The structure of family groups gives animals an incentive to help or harm their social group as they age, new research shows.
A team of scientists from 17 institutions in six countries, led by the University of Exeter, examined how “relatedness” (strength of genetic links to members of a social group) changes over a lifetime in seven mammal species.
This varies from species to species, depending on whether male or female offspring (or both) leave the group into which they are born.
For example, male and female killer whales both stay in the same group as their mother, so females have a growing number of close relatives (their children and grandchildren) around them as they age.
Other animals, such as female spotted hyenas, usually live among fewer close relatives as time passes.
Given that all animals have evolved to ensure their genes — and those of close relatives — survive, these long-term changes in relatedness to the family group give animals different incentives to engage in “helping and harming behaviour across the lifespan.”
“We wanted to know how an individual’s relatedness to their group changes as they age, and what consequences this might have for behaviour,” said lead author Dr Sam Ellis, from Exeter’s Centre for Research in Animal Behaviour.
“We made a model to predict these changes and then tested it using data on banded mongooses, chimpanzees, badgers, killer whales, spotted hyenas, rhesus macaques and yellow baboons.
“Our model fitted the real data.
“This is exciting is because it allows us to make predictions about how and why social behaviours can change with age.”
The “ultimate payoff” of behaviours for animals depends on how each behaviour affects an individual and its relatives.
When living in a group of close genetic relatives, it might be in an animal’s interest to behave in a way that helps the whole group.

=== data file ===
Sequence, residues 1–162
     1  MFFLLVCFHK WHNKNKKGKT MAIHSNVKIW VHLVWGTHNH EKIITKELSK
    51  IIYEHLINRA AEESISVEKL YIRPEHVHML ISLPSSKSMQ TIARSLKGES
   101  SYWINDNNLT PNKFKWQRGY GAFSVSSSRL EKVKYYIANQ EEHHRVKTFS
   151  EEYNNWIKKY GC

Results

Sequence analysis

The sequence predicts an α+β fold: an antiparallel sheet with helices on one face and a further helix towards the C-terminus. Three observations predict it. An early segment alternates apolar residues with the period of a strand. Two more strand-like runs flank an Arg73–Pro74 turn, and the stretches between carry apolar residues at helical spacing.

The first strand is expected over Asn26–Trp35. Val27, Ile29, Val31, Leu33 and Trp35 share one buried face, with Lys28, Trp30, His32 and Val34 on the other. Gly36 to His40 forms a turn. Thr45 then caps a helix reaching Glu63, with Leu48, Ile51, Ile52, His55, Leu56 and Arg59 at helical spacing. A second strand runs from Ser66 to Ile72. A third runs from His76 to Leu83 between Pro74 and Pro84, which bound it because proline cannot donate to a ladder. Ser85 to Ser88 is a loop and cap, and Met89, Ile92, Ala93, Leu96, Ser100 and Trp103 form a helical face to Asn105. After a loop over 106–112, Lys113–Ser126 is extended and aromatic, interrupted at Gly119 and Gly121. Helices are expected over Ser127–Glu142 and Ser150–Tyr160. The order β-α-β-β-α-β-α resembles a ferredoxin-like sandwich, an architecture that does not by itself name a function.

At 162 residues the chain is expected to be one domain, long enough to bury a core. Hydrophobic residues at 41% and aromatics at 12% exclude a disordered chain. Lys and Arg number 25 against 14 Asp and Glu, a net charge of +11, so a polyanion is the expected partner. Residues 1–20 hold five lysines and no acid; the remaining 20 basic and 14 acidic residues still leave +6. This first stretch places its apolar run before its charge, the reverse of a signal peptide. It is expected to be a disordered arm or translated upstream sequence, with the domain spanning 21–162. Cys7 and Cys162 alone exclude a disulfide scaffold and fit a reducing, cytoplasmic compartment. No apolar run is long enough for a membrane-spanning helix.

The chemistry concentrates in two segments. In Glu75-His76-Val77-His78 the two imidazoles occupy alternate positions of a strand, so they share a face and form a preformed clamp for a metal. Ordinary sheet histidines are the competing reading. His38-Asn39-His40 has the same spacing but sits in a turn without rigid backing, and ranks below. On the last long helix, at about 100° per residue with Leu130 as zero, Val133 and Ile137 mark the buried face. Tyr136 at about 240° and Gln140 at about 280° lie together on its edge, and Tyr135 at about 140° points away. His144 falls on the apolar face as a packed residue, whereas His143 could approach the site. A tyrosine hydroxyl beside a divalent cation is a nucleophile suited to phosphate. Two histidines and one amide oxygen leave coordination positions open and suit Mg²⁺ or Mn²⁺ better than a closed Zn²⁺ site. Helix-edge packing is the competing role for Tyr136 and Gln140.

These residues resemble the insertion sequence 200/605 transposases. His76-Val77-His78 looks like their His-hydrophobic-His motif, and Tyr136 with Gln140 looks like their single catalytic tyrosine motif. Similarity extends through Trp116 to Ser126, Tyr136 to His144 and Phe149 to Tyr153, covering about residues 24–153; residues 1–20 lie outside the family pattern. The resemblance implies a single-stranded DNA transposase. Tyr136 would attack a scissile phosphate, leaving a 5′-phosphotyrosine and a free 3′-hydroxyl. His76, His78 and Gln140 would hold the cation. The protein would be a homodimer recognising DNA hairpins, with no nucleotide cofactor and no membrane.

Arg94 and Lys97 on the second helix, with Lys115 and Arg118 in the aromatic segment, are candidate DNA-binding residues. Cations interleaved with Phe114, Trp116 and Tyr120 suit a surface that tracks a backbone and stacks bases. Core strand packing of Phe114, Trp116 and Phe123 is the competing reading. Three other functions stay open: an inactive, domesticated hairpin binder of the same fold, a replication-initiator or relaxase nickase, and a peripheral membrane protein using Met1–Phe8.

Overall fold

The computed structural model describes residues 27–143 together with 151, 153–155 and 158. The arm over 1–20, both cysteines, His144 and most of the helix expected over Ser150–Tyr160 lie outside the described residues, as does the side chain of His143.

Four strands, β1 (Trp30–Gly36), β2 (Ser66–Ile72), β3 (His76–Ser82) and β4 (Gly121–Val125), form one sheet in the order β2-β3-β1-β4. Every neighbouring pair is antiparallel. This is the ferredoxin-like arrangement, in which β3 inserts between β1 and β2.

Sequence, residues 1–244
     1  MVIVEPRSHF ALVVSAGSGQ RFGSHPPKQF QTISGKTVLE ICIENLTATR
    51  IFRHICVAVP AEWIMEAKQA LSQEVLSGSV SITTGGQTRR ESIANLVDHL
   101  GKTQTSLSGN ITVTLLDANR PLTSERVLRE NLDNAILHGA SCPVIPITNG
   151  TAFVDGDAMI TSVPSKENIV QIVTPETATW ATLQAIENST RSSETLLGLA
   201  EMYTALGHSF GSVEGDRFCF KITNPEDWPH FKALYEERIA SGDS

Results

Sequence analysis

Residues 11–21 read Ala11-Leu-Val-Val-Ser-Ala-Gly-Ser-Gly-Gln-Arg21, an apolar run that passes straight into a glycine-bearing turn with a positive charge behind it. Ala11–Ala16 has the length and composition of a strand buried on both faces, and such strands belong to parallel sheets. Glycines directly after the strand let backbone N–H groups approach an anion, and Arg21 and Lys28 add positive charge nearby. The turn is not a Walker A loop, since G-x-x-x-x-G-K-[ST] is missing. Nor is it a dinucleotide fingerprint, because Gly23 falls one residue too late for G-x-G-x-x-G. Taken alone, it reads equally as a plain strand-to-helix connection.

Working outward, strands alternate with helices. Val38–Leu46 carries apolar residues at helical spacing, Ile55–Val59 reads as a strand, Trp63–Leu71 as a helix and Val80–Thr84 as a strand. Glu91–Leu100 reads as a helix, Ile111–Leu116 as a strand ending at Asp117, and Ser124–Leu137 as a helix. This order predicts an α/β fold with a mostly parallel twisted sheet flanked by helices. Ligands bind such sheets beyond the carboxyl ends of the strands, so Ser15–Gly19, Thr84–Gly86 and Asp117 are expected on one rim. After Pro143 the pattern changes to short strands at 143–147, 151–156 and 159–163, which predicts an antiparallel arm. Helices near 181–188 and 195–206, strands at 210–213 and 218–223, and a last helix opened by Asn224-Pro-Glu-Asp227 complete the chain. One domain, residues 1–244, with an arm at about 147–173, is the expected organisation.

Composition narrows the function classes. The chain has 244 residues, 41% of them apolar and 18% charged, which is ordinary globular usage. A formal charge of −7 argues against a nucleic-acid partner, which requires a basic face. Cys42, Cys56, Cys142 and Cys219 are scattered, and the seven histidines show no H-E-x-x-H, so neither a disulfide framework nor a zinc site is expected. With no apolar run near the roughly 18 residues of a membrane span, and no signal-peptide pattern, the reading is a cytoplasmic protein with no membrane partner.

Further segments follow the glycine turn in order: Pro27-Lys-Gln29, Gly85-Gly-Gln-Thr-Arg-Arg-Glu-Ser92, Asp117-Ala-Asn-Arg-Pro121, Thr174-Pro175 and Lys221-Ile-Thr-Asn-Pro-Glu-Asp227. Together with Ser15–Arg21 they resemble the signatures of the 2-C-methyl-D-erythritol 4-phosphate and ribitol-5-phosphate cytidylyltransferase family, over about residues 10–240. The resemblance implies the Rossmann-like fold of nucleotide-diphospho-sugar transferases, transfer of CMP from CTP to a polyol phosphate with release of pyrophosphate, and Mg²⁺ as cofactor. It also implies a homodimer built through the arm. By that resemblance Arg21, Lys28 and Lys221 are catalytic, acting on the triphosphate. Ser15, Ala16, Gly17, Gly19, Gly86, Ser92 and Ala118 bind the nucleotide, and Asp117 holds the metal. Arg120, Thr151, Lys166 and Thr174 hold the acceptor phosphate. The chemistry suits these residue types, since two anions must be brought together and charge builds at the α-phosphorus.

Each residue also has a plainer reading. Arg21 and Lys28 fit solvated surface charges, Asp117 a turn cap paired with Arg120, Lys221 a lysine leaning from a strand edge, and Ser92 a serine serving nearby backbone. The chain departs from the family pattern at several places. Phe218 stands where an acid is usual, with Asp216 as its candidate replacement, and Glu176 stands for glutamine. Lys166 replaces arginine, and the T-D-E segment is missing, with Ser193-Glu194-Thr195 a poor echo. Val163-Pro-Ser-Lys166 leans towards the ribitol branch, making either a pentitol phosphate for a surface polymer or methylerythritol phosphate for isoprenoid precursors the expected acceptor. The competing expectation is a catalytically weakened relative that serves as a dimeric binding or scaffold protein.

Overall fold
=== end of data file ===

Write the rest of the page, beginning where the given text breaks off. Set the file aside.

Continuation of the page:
However, when living among less related or unrelated individuals, the best strategy could be selfish or even harmful behaviour.
“Our findings suggest that incentives to help or harm the group change with age, depending on the social structure of each species,” Dr Ellis said.
Professor Darren Croft said: “Across a wide range of species, we see age-related changes in helping and harming behaviour which can also differ between males and females.
“Our new work shows that understanding how relatedness to the family group changes with age is key in understanding how the incentives to help or harm the group changes across the lifespan, which can potentially explain these differences across species and between the sexes.
“This research opens the door for future studies by providing testable predictions for how patterns of helping and harming will change across the lifespan and we eagerly anticipate new work testing these predictions.”
Among the species included in the study, male spotted hyenas, rhesus macaques and yellow baboons usually leave their birth group once they reach maturity.
In chimpanzees, female offspring leave the group, while for killer whales and mongooses both sexes usually stay in the group into which they were born.
The work was funded by a Natural Environment Research Council grant awarded to researchers at the Universities of Exeter, York and Cambridge.
The research was conducted by a team of 21 scientists from 17 institutions: the universities of Exeter, York, Cambridge and Swansea, and the APHA in the UK; Duke University and the Center for Whale Research in the USA; ISC-CNRS in France; the Max Plank Institute for Evolutionary Ecology, Leibniz Institute for Zoo and Wildlife Research and the German Centre for Integrative Biodiversity Research in Germany; the Ngorongoro Hyena Project and Centre Suisse de Recherches Scientifiques in Tanzania and Cote d’Ivoire respectively.